My advice to the bright and educated:  If you want to teach,  really teach, consider another country.  America wants wage slaves, not teachers.  

Everyone except the teachers has failed our schools.  

For a quick diagnosis of what is wrong with education and what is right,  check out this young man. 

Saturday, March 19, 2011

Building the insurgency

The main defect in the new media is that it calls wolf so much that people lose the ability to discern real facts and dangers.  The American right wing is yelling communism and Marxism so much at the Democrats that the country is largely unaware of the forces that support a left-wing totalitarian take-over of the U.S.  And a majority of Americans are unaware of the U.S. plunge into a fascist, corporate plutocracy despite the fact that evidence is constantly slapping them in the face and diminishing their earnings. 

 As we sank into near depression depths a few years ago, the neo-con, neo-fascists howled in alarm that the attempts to rescue the economy from total collapse were Marxist-like attempts to nationalize the financial industry, the auto industry, and a whole bunch of other businesses.  When the Obama administration set up rules for BP and its drilling cohorts to be held responsible for the Gulf oil spew, Republicans denounced the attempts as a violation of the sanctity of corporate capitalism.  There is a small, but growing, group who see nationalization of industries as the only way to create fairness and responsibility in the economy. They look at the changes in the Venezuelan and Bolivian economies brought about through nationalization of the energy industries, and they especially watch Brazil with its vast offshore oil reserves.  Brazil on one hand offers other countries, including the U.S., opportunity to participate in the development of those reserves, but on the other hand looks to a degree of regulation that will channel profits into the national economy.  The London-based BG Group has committed to spending $30 billion in the development of Brazilian oil reserves.  Brazil is a leader in the use of alternative energy sources and has indicated it intends to stay on that course, using petroleum sales to further develop its energy independence and use of renewable fuels.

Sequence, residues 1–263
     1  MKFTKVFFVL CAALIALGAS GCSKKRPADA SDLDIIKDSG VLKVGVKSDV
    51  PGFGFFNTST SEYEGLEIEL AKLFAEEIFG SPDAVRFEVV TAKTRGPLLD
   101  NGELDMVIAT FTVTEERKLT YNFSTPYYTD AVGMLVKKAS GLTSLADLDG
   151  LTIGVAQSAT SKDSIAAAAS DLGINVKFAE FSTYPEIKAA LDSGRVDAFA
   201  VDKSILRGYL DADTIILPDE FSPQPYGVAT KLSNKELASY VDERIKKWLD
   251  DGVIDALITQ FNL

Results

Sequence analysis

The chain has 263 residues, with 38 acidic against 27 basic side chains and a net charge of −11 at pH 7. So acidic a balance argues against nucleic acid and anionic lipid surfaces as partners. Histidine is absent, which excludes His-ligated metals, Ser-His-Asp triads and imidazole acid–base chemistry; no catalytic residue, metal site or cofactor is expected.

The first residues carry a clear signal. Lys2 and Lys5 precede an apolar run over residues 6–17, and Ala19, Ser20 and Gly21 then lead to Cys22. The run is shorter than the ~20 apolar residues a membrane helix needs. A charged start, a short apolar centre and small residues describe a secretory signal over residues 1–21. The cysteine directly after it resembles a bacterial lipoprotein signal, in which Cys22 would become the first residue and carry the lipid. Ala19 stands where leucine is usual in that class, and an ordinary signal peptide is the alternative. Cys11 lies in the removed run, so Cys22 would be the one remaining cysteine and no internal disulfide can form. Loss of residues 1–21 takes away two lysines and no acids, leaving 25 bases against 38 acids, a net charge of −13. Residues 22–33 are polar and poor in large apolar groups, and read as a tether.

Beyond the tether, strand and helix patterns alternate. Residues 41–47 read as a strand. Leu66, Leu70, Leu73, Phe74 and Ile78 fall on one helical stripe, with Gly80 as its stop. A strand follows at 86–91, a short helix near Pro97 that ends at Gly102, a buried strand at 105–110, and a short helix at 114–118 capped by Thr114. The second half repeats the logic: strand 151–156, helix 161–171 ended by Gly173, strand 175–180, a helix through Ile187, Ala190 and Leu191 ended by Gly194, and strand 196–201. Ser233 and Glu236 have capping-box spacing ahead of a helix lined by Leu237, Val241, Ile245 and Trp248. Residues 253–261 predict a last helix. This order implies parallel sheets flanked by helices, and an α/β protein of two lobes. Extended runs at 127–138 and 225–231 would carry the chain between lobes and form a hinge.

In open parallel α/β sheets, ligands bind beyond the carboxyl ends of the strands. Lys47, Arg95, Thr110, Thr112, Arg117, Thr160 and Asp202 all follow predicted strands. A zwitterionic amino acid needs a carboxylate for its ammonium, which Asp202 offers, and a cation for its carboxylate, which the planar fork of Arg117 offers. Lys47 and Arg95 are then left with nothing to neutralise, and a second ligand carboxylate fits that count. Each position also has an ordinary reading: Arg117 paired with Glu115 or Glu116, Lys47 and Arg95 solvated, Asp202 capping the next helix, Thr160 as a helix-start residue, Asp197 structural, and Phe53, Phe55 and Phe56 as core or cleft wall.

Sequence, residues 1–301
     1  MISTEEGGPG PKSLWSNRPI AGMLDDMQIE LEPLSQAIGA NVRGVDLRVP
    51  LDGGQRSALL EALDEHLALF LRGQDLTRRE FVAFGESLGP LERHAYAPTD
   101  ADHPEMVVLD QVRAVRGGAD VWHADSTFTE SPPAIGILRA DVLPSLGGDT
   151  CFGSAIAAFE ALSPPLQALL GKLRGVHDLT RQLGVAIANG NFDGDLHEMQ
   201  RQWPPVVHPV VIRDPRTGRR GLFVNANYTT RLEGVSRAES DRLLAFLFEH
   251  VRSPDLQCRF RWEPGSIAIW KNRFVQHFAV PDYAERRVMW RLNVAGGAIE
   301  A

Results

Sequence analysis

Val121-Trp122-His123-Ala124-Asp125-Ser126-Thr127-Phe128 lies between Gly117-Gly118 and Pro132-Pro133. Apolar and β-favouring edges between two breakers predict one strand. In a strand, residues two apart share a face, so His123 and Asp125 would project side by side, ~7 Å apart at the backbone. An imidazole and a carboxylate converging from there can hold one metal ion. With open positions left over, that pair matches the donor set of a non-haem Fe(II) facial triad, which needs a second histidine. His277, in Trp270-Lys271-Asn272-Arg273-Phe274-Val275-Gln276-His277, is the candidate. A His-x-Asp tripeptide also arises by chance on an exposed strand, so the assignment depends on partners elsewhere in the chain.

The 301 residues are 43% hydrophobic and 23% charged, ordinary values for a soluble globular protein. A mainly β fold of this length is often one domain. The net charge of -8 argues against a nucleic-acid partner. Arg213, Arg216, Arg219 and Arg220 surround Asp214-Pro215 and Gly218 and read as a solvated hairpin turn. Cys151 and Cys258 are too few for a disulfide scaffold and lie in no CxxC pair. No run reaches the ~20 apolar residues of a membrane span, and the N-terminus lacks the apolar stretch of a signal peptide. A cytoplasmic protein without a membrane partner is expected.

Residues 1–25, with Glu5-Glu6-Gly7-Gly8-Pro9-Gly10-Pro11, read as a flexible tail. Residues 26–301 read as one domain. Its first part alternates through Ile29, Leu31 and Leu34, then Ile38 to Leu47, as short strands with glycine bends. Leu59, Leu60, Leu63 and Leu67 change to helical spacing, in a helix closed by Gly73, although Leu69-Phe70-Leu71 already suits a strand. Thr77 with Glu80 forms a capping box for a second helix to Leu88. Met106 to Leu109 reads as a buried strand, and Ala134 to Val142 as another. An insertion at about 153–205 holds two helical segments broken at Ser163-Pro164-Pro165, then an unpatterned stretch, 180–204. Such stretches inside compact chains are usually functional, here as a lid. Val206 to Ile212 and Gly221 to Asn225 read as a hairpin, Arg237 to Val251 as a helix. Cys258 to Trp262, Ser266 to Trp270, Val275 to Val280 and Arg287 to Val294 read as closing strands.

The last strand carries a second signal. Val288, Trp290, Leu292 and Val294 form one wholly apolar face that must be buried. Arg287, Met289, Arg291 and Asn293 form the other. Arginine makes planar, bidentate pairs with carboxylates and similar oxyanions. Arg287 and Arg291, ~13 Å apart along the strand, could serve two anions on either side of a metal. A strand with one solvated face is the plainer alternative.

There were some voices in the background during the barrage of charges about Obama taking over private enterprise that thought such a prospect was the best that could come of the financial debacle caused by Wall Street and the failing corporations.  There is a a  growing number of people who find a startling absence of liberty, equality, and justice in contemporary American life, and the extreme left may offer to some the only option.  Venezuela, Bolivia, and some aspects of Brazil offer models to the growing poverty class of America.